There’s a light…

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Rainbows hold a special fascination for me. Whenever I look out the window and see the sun and rain, we poke our heads out the window in the opposite direction to see the rainbow across our country landscape. It never ceases to impress us.

Rainbows hold a special significance for lots of people, I guess. There are some famous songs about it, numerous stories about pots of gold at the end of rainbows, and dozens of rainbow-coloured cartoon creatures that hold some kind of magical powers. I find rainbow stickers on cafe windows and entrances to local art galleries, and I wonder if it has come to mean a symbol of equality – that all people on earth are a different colour shade because of our differences.

It is fascinating to find a rainbow wherever a light refracts through a prism to create the effect. Whenever I see a rainbow, I automatically think ‘God keeps his promises.’ Perhaps because the rainbow was a sign from God in the Old Testament when the flood waters receded and Noah and his family and animals stepped on solid ground for the first time in months. Floating around on the ark, and knowing that all that was on earth was being destroyed beneath the hull of their boat must have given them quite a ‘sinking feeling.’ (excuse the pun) The rainbow signified that God would never flood the earth again.

My father-in-law once worked in PNG and found a fossil of a shell on top of a mountain, which, he claimed, was proof of the flood!  Global warming and climate change experts seem to think that rising sea levels are a definite threat. Is this force enough to flood the earth, or would it have to be an ‘act of God’? A global Tsunami perhaps? There is much evidence to suggest there was a period in history where the earth did flood, but does this biblical sign of the rainbow mean anything to us today? Back to the rainbows…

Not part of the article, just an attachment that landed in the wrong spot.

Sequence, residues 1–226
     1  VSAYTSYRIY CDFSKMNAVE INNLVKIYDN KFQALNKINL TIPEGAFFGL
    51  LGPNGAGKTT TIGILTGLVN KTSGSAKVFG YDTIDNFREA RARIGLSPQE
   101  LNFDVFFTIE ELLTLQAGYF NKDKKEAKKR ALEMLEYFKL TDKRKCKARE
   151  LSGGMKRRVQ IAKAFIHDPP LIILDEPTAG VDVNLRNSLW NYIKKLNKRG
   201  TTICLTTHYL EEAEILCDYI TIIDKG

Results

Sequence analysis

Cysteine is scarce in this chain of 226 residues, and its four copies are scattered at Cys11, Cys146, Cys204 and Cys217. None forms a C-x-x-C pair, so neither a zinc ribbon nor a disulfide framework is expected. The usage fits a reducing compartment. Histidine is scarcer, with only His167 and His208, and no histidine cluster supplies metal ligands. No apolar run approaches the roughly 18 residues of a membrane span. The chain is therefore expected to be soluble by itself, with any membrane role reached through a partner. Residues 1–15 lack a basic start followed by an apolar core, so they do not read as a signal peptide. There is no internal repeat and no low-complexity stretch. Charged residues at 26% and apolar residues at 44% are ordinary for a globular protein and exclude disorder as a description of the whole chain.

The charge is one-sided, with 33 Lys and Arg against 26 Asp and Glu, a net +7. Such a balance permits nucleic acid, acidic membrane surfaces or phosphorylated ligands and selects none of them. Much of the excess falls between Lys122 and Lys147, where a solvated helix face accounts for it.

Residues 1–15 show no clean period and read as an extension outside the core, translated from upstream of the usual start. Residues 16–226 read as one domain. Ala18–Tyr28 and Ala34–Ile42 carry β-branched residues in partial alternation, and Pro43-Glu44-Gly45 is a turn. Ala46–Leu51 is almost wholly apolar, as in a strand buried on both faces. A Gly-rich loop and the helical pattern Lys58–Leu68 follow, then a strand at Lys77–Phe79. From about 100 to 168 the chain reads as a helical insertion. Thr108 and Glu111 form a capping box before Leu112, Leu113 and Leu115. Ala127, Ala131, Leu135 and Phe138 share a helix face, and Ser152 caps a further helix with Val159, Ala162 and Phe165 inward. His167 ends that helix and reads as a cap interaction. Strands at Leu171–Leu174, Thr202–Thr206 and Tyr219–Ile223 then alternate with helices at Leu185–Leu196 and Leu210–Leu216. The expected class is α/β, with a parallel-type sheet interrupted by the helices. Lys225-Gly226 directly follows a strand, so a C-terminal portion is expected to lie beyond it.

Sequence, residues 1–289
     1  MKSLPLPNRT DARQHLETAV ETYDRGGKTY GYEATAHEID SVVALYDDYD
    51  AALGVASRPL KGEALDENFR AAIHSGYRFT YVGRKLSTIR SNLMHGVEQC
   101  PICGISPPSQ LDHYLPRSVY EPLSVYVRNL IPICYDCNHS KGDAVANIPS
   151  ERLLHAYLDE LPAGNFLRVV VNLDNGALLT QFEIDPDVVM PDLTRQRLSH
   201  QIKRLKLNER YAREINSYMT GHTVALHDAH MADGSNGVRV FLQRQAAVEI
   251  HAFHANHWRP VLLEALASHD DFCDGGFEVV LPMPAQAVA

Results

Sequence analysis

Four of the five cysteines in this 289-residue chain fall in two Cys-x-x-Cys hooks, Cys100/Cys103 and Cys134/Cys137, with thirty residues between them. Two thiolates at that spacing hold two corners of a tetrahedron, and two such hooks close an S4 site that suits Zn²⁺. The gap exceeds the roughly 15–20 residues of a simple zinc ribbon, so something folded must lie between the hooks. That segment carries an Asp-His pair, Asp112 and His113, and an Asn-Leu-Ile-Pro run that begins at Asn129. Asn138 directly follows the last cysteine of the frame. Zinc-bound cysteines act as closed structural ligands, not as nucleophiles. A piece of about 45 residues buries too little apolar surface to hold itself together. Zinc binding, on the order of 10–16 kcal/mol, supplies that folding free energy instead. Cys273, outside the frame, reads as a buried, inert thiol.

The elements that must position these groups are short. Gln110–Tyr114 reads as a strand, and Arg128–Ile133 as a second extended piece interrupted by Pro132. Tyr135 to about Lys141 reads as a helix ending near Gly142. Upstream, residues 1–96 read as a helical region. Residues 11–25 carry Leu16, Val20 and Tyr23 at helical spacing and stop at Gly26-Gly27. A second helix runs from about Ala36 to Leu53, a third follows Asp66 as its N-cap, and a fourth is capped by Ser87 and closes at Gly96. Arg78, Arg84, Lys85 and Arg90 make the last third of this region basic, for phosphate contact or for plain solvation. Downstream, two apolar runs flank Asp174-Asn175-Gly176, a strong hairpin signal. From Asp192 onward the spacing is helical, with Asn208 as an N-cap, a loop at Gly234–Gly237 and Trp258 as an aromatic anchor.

I learned all about refraction at university, in a science elective which was targeted at Arts students who needed to diversify their learning experience.. and I learned that.. rainbows need a source of light! This was an easy subject, as I had already learned this from the cover of Pink Floyd’s album The Dark Side of the Moon.

Living in country Tasmania, light dictates so much of our lives – how much wood we need to put on the fire to keep warm, how much whipper snippering we can expect to get done on a weekend. Things are much harder in winter while the days are short – and summer is simply brilliant with the warm sun still lighting up the sky until 9.30pm or even later! This is something perhaps city dwellers cannot appreciate – the importance of the hours of daylight for people living on the land, and the brilliant sun as nature’s own heater for the solar-passive house.

There is a song in my head that goes round and round upon thinking about ‘light’ –  it goes like this “There’s a light, in the darkness of everybody’s life….over at the Frankenstein’s place!” Yes, it’s Rocky Horror Picture Show. As if the house of Rocky Horror held a glimmer of hope for those lost in the woods, the light in the window summoned the unsuspecting visitors, newly-weds Brad and Janet into his house, for the grand tour of their lives. Well, as much as I love Susan Sarandon and Tim Curry’s performances, I have come to know that Rocky Horror does not hold the light in the darkness. God is the light.